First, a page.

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P304 Complications Related To Tracheostomy Tube Change: Evaluation Of Practice
  1. B Kathiresan,
  2. T Quinnell,
  3. K Slack
  1. Papworth Hospital NHS Trust, Cambridge, UK


Introduction and objectives Tracheostomy tubes are used outside intensive care unit in a variety of settings. Tracheostomy tube change is a potentially high risk procedure with life threatening complications attached to it. The Respiratory Sleep and Support Centre (RSSC) at Papworth Hospital specialises in weaning patients from prolonged invasive ventilation and providing domiciliary invasive and non-invasive ventilatory support. Tracheostomy tube change is regularly undertaken for both patient groups. Review of our current clinical practice and complications related to this procedure was needed due to the risks involved.

Methods We conducted a prospective observational study of tracheostomy tube changes for patients admitted from home and those weaning from invasive ventilation in our unit. Data were collected from February to May 2014.

Results Eighteen patients receiving domiciliary tracheostomy ventilation attended during the study period. Eight patients had silver tubes, 7 had plastic cuffed tubes with inner cannulae and 1 had a plastic uncuffed tube with inner cannula. Two weaning patients were included and underwent five tracheostomy changes between them.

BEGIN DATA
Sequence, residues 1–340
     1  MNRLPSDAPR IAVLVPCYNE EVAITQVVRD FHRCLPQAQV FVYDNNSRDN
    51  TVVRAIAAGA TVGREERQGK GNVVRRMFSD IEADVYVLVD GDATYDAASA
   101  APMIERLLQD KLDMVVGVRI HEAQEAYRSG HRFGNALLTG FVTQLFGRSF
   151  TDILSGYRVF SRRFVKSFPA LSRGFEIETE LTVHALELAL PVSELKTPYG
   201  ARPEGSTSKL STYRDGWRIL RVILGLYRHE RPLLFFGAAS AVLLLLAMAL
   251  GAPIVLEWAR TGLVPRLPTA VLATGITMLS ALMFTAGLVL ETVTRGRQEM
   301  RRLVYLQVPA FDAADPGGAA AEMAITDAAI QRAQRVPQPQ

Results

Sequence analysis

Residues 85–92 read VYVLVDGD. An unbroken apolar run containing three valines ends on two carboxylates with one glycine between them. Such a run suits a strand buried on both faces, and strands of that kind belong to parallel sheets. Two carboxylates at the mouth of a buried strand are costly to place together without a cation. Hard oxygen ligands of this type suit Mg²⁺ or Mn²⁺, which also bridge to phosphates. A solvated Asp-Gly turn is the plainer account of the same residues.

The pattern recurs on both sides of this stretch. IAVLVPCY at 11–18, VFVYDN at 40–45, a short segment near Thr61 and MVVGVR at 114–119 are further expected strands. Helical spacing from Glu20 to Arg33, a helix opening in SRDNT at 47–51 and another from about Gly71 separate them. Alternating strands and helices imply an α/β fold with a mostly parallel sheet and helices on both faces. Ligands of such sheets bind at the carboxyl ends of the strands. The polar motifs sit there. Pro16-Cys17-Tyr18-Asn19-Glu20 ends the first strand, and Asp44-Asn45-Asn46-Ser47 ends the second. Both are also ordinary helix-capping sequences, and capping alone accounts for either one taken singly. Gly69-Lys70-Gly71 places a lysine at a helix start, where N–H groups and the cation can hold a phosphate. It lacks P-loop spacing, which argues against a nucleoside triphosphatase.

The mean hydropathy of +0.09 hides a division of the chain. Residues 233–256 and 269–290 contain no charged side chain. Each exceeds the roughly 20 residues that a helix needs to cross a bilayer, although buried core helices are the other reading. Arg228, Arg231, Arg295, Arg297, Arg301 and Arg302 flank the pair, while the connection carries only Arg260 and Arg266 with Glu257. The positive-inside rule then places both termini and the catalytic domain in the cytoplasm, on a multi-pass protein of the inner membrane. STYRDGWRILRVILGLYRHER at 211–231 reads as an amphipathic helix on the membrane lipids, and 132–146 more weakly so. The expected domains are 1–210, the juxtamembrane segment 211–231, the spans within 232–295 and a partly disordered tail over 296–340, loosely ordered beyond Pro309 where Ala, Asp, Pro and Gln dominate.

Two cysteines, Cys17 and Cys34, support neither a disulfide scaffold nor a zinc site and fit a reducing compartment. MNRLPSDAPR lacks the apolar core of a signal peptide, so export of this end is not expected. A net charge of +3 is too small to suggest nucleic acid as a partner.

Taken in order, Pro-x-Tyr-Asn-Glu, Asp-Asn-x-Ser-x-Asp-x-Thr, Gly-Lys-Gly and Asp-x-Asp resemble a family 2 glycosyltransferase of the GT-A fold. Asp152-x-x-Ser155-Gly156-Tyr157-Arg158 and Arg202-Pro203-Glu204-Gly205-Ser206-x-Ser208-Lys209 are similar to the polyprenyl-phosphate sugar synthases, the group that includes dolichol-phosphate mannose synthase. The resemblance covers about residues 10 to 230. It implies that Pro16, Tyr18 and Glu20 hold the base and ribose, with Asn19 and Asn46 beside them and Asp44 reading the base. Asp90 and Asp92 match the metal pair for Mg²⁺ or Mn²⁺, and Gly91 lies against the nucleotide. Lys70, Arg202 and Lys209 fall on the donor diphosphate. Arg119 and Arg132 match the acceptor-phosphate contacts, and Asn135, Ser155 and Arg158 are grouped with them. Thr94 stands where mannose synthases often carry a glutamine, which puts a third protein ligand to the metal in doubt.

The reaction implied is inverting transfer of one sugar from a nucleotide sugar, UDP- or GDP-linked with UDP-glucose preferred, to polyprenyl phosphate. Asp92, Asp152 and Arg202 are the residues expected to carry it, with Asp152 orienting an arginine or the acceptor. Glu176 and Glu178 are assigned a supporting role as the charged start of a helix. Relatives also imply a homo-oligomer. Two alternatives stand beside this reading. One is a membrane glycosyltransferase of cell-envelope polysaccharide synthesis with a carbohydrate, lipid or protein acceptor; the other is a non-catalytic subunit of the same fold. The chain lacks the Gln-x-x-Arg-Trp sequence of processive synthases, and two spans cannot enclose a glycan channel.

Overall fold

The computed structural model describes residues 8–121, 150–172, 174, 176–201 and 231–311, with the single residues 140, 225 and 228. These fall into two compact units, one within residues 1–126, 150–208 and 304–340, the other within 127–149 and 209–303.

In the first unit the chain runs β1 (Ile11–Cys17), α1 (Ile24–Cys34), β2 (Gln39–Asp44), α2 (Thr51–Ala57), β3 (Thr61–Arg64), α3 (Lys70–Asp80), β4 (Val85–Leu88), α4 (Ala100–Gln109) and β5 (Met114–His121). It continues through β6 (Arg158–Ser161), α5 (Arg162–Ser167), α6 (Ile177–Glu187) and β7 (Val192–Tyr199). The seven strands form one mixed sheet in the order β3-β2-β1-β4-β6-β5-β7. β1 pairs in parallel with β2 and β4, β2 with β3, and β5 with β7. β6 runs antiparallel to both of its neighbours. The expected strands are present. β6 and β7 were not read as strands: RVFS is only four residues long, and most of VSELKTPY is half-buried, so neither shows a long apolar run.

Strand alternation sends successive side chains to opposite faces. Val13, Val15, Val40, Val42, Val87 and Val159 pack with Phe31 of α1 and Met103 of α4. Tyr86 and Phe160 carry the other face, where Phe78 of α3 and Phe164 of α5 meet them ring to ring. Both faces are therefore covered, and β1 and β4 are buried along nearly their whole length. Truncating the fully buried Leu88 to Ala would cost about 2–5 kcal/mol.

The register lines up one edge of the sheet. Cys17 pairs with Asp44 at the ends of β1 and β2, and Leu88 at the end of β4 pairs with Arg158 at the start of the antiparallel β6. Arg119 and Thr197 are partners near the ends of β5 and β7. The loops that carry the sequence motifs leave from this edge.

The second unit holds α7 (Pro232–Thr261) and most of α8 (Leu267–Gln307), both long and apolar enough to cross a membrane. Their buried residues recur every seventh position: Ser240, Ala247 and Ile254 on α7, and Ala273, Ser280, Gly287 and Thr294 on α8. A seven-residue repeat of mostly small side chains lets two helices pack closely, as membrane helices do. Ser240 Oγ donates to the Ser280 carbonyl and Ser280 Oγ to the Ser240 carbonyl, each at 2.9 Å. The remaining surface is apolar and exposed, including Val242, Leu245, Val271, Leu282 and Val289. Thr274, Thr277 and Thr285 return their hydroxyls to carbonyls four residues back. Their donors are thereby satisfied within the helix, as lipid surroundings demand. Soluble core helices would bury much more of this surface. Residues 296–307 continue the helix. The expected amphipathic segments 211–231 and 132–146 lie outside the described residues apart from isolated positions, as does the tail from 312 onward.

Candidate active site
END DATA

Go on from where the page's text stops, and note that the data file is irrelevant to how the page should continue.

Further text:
Data were obtained for 34 tube changes during the study period. Thirty were routine tube changes and 4 were expedited for reasons including stomal leak and partial dislodgement. Plastic tubes with inner cannulae were changed in accordance with the European Economic Community directive (1), with a mean of 28 days between tube changes. Sixteen (47%) were undertaken by consultant and 18 (53%) by trainee physician.

There were no complications in 31 (91%) tube changes. Three had minor complications such as minor bleeding and one patient who receives 24 hr home tracheostomy ventilation needed bagging and suction to clear secretions. Bronchoscopy was performed in 30 (88%) following tube change to clear respiratory secretions, check tube position and sometimes in response to a difficult tube insertion.

Conclusion No major complications occurred during the study period. This is probably because the procedure is undertaken by experienced personnel in a controlled environment. The threshold for post procedure bronchoscopy appears to be low and we are currently reviewing this aspect of our practice.


  1. Intensive care society. Standards for the care of adult patients with temporary tracheostomy. 2008

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